Mussels detect contamination by a sensor on their shells

Mussels detect contamination by a sensor on their shells

American researchers attached small, inexpensive mussel sensors to measure how open their shells were. This allows them, for example, to detect pollution in water at an early stage.

Mussels eat plankton that they filter from the water by opening their shells slightly. But if a harmful substance appears, the entire mussel bottom shuts the valves at the same time, which is a form of self-protection.

This mechanism was known for a long time, but scientists recently realized that it could be used to measure environmental pollution, for example. However, finding a practical way to track underwater mussels, without hindering this, was still an art. Often the measurement was very inaccurate or just practical for laboratory procedure.

Fitbit mussels

Researchers at North Carolina State University (USA) have developed small, inexpensive, waterproof motion sensors and installed them on mussels, one at the top of the shell and the other at the bottom. “We have developed a ‘Fitbit’ dedicated to mussels to ‘track their activity,’” lead researcher Alper Bozkurt, professor of electrical and computer engineering, said in a press release from NCSU. “We have developed a ‘Fitbit’ dedicated to mussels to ‘track their activity,’” a Fitbit watch is a watch that monitors the wearer’s activity.

The sensor is called Inertial measurement units (IMUs), similar to the sensor in your smartphone that detects motion. The IMU consists of a magnetometer to measure direction and an accelerometer to measure acceleration. The latter can be used for measurement when the mussel has suddenly closed its shell. By combining accelerometers in different directions, the researchers were also able to measure how open the cortex is, with an accuracy of less than a millimeter. The magnetometer was a control measure.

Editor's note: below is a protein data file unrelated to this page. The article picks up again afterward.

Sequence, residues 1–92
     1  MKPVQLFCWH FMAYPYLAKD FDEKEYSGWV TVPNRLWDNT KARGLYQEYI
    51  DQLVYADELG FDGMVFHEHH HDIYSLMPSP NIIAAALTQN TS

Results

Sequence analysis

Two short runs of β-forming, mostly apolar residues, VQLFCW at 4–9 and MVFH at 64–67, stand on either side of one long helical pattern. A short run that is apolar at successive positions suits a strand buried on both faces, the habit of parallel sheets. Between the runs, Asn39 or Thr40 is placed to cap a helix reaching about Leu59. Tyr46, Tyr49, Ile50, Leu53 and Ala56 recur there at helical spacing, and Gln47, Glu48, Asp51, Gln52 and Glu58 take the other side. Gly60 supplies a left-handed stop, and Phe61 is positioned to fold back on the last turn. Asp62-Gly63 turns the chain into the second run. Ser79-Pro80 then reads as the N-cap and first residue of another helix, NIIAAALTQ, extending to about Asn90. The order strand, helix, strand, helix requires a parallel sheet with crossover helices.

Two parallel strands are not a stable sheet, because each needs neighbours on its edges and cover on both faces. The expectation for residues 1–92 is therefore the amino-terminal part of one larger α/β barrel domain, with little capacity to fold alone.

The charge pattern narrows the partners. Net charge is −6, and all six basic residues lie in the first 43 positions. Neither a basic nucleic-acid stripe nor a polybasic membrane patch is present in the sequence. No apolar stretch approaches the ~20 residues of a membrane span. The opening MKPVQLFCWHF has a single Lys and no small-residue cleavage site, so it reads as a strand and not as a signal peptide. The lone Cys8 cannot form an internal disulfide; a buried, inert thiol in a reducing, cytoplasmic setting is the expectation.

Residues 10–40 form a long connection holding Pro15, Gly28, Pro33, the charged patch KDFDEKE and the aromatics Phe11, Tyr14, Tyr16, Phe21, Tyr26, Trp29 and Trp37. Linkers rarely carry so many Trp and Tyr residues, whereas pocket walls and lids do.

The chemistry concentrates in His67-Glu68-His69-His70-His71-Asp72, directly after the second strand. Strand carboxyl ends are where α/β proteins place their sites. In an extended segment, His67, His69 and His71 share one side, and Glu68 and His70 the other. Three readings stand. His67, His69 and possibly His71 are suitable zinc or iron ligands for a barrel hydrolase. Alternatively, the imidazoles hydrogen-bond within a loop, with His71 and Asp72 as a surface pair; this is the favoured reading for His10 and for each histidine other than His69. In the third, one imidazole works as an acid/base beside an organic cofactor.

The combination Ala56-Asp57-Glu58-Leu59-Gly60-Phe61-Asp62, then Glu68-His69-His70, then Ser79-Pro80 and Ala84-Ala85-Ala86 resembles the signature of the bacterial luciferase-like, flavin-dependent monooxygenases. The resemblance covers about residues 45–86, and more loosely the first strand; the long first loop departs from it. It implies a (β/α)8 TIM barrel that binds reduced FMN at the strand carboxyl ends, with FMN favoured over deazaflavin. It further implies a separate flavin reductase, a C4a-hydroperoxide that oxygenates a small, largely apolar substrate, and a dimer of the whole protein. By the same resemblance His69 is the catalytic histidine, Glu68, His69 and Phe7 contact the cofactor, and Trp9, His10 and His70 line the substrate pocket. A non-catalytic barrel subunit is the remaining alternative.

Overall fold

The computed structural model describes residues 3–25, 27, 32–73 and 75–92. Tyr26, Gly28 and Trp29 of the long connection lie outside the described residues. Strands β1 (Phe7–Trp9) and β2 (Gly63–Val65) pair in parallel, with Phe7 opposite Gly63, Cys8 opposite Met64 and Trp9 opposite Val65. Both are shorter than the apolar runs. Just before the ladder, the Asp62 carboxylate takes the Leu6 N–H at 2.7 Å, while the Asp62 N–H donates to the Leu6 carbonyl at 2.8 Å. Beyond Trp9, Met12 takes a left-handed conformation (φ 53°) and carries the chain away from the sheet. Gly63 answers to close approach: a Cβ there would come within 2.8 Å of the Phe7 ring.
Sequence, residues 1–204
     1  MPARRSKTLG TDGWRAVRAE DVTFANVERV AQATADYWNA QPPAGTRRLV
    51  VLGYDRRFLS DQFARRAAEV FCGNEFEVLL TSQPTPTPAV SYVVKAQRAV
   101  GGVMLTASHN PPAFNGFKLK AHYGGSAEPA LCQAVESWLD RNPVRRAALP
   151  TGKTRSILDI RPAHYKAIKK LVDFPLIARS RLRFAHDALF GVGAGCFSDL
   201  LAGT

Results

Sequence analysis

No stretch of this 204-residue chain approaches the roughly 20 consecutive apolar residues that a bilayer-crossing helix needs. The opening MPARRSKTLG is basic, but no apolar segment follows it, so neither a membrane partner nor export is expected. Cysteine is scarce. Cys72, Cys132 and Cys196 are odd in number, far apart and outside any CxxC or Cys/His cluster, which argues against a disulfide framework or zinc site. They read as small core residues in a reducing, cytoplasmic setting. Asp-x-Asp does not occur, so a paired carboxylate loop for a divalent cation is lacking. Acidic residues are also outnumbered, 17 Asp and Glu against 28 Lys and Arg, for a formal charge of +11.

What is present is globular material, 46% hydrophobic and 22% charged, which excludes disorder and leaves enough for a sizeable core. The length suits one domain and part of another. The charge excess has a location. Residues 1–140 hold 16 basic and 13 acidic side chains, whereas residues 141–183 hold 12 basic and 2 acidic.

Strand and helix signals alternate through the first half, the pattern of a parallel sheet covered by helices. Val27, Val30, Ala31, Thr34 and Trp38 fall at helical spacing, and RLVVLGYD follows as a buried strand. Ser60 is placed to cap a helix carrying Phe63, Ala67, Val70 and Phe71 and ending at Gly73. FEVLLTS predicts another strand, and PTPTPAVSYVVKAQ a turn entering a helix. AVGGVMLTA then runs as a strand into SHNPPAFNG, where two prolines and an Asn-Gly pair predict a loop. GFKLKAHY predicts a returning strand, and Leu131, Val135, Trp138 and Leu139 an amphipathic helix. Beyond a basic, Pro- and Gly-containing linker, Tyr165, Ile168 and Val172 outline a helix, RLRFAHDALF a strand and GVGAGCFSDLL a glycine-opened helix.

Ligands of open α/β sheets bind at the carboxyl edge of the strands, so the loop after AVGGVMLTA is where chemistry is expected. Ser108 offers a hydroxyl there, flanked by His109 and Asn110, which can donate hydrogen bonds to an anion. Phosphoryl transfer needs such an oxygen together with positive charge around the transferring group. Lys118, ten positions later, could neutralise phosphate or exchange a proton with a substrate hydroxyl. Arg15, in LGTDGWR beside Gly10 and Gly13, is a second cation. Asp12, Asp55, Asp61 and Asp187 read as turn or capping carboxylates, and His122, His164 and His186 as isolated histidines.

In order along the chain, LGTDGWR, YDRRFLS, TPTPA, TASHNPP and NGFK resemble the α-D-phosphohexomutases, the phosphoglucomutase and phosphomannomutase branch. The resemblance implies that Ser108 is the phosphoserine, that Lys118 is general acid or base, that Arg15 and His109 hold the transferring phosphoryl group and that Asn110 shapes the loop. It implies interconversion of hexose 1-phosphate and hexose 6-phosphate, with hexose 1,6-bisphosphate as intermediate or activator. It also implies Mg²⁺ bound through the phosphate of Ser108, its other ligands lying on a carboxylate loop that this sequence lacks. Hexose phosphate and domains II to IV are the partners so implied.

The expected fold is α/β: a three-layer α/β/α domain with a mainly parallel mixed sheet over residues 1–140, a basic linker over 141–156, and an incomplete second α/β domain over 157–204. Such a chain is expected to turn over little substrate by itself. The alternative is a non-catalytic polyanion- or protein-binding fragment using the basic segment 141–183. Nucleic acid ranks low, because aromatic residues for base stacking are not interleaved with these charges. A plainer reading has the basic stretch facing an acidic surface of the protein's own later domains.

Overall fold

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Monitor the environment

The researchers tested the system in an aquarium of four mussels. The sensors are connected to a weatherproof base station that collects data with flexible cables. The sensors lasted for 250 hours and did not appear to interfere with the mussels. To be on the safe side, scholars write in their article in their journals IEEE Sensors Messages: “Invertebrates are exempt from animal welfare regulations.”

When used in practice – even outside the laboratory – the base station can be powered by solar panels. In principle, the system is suitable for monitoring dozens of mussels at the same time.


The researchers expect the system to be suitable for monitoring the environment. “Think of the canary in the coal mine,” said co-researcher Jay Levine in the press release. Only we can detect the toxin without the mussels being dying. However, we can investigate how environmental factors affect the health of the mussels.

One of the mussels who participated in the study.

Study the behavior of mussels

So researchers believe their sensors are suitable for discovering more about mollusks. “Our goal is to create a ‘mussel internet’ and monitor their individual and group behavior,” says Boscourt.

Levine adds: “ In addition to validating its effectiveness as an environmental monitor, we are optimistic that the technology could help us learn new things about the mussels themselves. What prompts them to filter and eat? Does their behavior change in response to temperature changes? Thanks to the sensors, we can measure the standard behavior of individual animals and monitor the movement of their shells in response to changes in the environment.

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The next step is for researchers to test their system in nature under real conditions. More details about measuring mussels can be read in a press release from North Carolina State University.

Text: Bastian Wentzl
Photos: NCSU

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